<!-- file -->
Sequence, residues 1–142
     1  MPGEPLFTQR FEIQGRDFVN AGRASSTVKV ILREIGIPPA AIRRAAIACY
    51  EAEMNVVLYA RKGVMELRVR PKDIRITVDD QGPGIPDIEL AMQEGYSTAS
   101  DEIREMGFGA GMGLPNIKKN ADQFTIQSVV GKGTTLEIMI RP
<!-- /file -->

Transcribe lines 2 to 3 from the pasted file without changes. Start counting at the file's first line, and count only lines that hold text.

     1  MPGEPLFTQR FEIQGRDFVN AGRASSTVKV ILREIGIPPA AIRRAAIACY
    51  EAEMNVVLYA RKGVMELRVR PKDIRITVDD QGPGIPDIEL AMQEGYSTAS